The 'Crown of Light' installation is projected onto Durham Cathedral during the 2013 Lumiere Durham festival in England
© Stuart Forster/Alam
The perfect canvas for an ancient text. The perfect canvas for an ancient text
Since 2009, the city of Durham has served as a grand stage for the biennial Lumiere Durham festival. During four days in November, works of 'son et lumière'—a French phrase that means 'sound and light'—provide spectators with new ways of viewing public spaces and buildings. Artists from around the world design large-scale light shows paired with narratives and sound effects. It's become the UK's largest light festival, and Lumiere Durham's 10th anniversary, which begins today, promises to attract more than 200,000 people to enjoy the illuminated artworks along cobbled streets.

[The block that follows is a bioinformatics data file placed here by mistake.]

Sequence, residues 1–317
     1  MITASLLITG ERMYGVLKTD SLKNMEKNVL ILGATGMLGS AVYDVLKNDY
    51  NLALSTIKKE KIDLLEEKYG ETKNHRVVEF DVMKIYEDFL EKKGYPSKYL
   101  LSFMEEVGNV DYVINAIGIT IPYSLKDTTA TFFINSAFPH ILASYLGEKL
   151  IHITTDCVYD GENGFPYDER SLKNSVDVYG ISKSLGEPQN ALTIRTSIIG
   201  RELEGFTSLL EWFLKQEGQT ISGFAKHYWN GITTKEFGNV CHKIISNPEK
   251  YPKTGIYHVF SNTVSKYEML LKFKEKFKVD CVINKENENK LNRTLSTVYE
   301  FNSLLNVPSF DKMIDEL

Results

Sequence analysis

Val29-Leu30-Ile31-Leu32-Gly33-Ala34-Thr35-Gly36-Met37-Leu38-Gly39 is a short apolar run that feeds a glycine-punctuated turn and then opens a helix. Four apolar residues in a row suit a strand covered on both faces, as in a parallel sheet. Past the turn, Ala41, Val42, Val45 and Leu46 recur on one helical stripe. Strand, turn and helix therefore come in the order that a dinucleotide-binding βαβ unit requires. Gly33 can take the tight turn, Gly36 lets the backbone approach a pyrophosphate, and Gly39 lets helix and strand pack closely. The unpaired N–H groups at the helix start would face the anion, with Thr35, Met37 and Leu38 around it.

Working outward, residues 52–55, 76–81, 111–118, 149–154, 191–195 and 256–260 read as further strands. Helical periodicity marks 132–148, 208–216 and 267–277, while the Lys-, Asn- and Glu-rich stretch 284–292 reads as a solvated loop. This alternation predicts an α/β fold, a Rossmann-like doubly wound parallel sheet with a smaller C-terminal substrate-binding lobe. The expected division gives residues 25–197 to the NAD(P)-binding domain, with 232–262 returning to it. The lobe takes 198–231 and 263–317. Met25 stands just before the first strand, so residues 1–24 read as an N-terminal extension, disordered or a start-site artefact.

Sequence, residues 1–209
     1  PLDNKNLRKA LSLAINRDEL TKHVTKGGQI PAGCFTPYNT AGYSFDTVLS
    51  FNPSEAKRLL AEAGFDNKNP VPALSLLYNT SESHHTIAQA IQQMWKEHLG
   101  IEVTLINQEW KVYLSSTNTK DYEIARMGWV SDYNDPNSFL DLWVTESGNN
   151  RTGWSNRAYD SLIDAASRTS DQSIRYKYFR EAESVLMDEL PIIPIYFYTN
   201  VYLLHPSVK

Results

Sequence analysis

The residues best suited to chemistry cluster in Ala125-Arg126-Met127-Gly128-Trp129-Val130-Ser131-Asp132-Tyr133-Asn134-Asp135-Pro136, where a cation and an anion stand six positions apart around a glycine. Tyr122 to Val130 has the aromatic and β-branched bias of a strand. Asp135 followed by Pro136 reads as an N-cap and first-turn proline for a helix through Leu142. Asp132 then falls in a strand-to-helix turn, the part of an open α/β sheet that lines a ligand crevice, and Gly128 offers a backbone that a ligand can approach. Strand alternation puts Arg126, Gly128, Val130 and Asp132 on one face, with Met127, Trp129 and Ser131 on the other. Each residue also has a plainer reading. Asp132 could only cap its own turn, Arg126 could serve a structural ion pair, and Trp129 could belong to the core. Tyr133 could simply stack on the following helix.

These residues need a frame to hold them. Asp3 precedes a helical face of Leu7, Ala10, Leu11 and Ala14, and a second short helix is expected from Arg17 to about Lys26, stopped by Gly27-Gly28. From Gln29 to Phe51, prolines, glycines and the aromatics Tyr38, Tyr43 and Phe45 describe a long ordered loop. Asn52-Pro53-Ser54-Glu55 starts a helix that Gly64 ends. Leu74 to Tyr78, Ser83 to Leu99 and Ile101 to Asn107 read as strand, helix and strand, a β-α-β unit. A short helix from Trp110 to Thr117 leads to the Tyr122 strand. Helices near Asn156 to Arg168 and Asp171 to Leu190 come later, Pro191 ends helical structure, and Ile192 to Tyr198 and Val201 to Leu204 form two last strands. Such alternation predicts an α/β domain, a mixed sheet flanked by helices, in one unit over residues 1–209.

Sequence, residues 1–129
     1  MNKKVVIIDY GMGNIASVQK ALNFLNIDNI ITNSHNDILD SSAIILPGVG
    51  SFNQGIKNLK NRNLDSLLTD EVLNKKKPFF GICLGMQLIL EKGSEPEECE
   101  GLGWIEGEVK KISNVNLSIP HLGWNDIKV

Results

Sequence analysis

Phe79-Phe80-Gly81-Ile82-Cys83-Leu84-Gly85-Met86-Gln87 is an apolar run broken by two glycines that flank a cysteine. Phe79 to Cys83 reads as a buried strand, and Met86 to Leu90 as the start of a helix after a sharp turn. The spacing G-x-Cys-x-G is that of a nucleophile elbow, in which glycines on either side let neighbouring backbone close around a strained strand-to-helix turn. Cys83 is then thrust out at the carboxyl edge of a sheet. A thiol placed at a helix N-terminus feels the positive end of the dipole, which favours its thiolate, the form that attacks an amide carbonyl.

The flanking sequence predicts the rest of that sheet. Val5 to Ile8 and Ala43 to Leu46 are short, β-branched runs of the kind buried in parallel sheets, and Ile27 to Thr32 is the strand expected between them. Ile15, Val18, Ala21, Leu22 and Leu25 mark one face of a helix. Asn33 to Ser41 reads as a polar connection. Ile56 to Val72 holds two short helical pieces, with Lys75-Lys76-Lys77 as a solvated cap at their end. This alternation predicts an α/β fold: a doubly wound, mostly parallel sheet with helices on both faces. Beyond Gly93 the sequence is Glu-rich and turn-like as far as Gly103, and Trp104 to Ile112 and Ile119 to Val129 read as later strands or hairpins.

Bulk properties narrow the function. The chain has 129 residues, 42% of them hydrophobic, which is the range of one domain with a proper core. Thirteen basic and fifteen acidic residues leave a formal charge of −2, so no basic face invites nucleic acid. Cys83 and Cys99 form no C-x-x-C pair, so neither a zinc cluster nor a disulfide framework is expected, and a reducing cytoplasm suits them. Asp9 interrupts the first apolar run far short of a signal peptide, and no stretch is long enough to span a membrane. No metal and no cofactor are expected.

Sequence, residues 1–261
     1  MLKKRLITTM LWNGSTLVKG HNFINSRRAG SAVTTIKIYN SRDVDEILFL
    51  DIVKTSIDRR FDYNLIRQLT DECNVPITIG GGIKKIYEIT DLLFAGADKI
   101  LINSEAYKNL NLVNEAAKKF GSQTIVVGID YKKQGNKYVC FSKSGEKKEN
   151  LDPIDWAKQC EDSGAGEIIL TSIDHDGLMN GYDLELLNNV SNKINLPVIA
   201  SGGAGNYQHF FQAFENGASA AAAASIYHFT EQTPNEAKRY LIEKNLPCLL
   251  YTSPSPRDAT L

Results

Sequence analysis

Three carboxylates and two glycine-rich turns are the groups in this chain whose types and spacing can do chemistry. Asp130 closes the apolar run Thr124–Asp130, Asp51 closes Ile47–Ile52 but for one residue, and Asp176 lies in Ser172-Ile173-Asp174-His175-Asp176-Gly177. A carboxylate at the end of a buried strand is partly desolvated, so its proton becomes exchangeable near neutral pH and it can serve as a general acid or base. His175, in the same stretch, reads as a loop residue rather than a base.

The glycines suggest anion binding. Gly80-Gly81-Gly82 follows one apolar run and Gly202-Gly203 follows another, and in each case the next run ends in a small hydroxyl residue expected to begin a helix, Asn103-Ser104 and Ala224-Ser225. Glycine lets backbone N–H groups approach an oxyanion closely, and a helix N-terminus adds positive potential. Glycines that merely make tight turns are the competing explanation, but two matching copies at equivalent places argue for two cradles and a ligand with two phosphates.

This image from the 2013 festival shows 'Crown of Light,' a work that projects an ancient Christian manuscript called the Lindisfarne Gospels onto the exterior walls of Durham Cathedral. The original manuscript, considered one of the world's oldest and finest examples of medieval European book paintings, was brought to the Durham area in the 9th century by monks who had fled their monastery in Lindisfarne, off the coast of Northumberland, to avoid Viking raids. The Lindisfarne Gospels is considered an illuminated manuscript because the book is painted in gold and silver with miniature illustrations and ornate border art. But the term took on a new meaning at the 2013 festival, as the illuminated manuscript lit up the cathedral for thousands of spectators to see.